Selecting the right leader for your organization is a difficult task. But once you decide who you want, how do you make an attractive offer? And once they sign on, how do you make sure they stay?
Those were the questions being asked by Stuart Meyers, MBA, EdD, president of The Meyers Group, who gave a presentation at the 2012 National Council Mental Health and Addictions Conference called "For Board Members Only: Executive Compensation Packages."
The session addressed how board members should prepare in order to select the best leader for the organization and develop a mutually acceptable formal agreement and compensation package.
According to Meyers, many organizations don’t have contracts or employment agreements with their CEOs. In addition, many don't realize that retaining a good CEO is a board’s “single most important responsibility.”
“Boards need to have something in place so that there is a sense of stability and security for everyone involved,” explained Meyers. “It also gives staff have a greater sense of security and continuity.”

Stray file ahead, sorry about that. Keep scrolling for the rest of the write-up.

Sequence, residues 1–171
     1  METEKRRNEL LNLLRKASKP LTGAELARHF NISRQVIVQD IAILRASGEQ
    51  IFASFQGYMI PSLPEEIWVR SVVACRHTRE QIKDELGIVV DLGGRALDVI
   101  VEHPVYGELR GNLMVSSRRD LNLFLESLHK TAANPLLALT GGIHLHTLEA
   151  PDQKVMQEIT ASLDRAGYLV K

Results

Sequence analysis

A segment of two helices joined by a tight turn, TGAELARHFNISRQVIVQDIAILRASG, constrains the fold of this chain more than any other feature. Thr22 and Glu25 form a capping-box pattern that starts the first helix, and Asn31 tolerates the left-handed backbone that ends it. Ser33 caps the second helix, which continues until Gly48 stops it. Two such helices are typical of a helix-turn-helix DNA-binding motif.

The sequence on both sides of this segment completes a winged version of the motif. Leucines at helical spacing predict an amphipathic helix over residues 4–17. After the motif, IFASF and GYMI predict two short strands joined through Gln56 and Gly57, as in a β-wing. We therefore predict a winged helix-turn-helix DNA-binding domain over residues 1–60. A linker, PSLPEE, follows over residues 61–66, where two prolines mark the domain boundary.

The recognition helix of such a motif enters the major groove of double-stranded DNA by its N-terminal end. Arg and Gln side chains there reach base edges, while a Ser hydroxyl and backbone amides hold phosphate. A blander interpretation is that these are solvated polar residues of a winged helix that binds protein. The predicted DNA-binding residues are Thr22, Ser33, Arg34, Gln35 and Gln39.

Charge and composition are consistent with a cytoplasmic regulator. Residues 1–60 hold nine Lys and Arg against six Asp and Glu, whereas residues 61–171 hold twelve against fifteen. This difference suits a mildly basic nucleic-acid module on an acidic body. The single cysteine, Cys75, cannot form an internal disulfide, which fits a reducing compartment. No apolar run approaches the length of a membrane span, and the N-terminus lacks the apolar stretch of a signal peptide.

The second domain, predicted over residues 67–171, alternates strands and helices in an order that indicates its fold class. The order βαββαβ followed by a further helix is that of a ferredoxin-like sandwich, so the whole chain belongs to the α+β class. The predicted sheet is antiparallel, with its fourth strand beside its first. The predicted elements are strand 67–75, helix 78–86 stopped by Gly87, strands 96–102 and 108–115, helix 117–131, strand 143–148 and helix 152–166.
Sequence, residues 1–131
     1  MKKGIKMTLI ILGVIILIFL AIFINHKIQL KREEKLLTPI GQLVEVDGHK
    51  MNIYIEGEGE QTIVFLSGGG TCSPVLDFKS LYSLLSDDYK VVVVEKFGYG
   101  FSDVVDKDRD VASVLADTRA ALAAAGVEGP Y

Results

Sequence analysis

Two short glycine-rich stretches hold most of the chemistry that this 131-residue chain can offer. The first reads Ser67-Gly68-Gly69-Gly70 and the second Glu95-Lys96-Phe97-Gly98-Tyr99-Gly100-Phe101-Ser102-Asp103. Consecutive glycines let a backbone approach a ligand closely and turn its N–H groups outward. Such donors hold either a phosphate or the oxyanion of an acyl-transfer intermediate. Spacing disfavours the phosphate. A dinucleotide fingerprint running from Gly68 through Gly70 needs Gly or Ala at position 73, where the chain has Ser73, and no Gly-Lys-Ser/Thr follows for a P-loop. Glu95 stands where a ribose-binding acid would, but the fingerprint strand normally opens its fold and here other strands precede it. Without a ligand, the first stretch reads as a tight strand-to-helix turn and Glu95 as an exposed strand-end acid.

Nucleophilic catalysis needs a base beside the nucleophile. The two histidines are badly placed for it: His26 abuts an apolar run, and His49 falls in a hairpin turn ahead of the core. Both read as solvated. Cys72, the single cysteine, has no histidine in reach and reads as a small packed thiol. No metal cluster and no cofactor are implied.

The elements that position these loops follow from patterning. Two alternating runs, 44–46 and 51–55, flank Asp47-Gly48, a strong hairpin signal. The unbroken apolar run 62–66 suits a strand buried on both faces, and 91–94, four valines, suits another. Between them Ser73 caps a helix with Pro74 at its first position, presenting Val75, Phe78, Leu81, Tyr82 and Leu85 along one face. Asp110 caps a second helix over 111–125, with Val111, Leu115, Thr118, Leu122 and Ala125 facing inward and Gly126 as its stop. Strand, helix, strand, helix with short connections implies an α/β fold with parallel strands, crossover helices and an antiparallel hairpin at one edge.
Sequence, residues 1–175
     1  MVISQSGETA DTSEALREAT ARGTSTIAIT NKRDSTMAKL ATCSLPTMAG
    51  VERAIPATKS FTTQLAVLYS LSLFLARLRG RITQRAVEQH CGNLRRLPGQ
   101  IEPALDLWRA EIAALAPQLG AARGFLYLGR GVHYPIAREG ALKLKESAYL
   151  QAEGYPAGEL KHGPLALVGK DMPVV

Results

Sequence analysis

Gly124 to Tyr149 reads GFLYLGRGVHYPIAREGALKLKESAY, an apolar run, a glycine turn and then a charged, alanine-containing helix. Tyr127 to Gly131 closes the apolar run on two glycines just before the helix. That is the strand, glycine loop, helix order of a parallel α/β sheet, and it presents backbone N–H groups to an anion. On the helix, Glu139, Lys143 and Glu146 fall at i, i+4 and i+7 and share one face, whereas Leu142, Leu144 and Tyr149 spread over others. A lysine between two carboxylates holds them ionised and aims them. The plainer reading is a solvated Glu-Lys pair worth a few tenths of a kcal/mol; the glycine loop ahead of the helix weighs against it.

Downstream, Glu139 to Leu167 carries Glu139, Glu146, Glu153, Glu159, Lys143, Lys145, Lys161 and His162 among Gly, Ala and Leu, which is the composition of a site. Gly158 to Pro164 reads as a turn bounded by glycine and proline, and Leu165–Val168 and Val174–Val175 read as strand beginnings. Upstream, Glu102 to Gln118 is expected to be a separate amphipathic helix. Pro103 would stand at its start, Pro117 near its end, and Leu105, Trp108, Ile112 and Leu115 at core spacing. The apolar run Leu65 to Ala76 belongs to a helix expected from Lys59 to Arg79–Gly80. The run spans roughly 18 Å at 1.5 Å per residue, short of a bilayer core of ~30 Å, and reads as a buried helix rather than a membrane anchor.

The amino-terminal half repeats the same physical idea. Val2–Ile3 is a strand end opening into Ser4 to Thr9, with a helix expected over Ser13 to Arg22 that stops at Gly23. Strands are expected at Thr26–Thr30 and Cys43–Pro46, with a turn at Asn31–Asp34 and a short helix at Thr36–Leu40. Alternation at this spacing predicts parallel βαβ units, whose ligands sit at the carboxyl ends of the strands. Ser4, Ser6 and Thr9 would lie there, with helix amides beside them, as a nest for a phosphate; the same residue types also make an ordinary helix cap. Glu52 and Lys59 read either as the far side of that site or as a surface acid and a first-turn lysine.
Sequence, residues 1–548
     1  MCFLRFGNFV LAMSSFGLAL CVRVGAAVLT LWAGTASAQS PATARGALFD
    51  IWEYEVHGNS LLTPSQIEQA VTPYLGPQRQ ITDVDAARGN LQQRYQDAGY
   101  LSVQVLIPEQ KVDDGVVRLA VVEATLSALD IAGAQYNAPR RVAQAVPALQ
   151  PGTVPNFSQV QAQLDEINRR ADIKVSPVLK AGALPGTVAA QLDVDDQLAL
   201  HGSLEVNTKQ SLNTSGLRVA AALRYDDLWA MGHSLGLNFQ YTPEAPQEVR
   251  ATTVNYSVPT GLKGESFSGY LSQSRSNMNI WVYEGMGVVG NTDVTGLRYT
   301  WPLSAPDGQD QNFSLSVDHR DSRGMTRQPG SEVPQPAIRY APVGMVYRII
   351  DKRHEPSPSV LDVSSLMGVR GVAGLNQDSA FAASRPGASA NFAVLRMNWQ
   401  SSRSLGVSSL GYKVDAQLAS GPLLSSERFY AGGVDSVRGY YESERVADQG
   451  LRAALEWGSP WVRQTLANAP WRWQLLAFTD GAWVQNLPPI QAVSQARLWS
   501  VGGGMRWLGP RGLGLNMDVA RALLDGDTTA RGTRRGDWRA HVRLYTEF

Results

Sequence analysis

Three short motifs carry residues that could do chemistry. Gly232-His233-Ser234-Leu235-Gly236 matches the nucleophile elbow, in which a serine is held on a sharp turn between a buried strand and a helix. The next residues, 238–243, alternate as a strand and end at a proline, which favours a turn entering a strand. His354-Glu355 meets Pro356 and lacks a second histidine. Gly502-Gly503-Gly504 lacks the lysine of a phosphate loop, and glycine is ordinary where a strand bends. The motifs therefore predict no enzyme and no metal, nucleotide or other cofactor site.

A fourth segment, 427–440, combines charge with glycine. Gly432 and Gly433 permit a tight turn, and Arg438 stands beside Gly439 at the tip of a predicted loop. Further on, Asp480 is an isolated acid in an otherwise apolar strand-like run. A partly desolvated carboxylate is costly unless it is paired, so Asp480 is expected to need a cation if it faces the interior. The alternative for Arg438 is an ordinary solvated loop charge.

Compensation packages need to be “win-win situations” for both the CEO and board, he explained. Of course what ends up in a final agreement depends on the idiosyncrasies of the area, the board’s feeling and the candidate’s needs.”
For example, local moirés often enter the discussion. A community may be sensitive to how much a CEO of a nonprofit ought to make. In regard to the candidate, Meyers said packages often should include personal factors such as the cost of relocation.
“It might be a great fit, but if a person is upside down in their current mortgage, it makes it challenging for them to decide to leave their current position,” explained Meyers.
As a result, he said boards should conduct market analysis and evaluate comparable compensation packages to “get as close to the character of that organization as you can—both regionally and in terms of focus and identity.”
Of course, the issue of retention is just as important for behavioral health organizations as it is in any other field.
“There is always a pool of really talented people out there who are looking to make a change,” Meyers said. “That means boards need to be thinking about what how to create agreements that will encourage a really good CEO to stay.
In the end, the key is to understand that “here are no sides,” said Meyers, rather it’s a matter of finding common, agreeable ground.
“If you’re a CEO, what’s going to keep you there? If you’re a board member, how do you keep the person you have? They just need to have an open dialogue about what works,” he said.